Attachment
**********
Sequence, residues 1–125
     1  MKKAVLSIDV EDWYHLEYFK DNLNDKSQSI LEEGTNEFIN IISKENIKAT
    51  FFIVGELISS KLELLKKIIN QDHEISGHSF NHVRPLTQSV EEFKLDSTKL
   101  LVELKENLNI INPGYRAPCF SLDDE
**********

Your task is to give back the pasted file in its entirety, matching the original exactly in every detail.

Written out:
Sequence, residues 1–125
     1  MKKAVLSIDV EDWYHLEYFK DNLNDKSQSI LEEGTNEFIN IISKENIKAT
    51  FFIVGELISS KLELLKKIIN QDHEISGHSF NHVRPLTQSV EEFKLDSTKL
   101  LVELKENLNI INPGYRAPCF SLDDE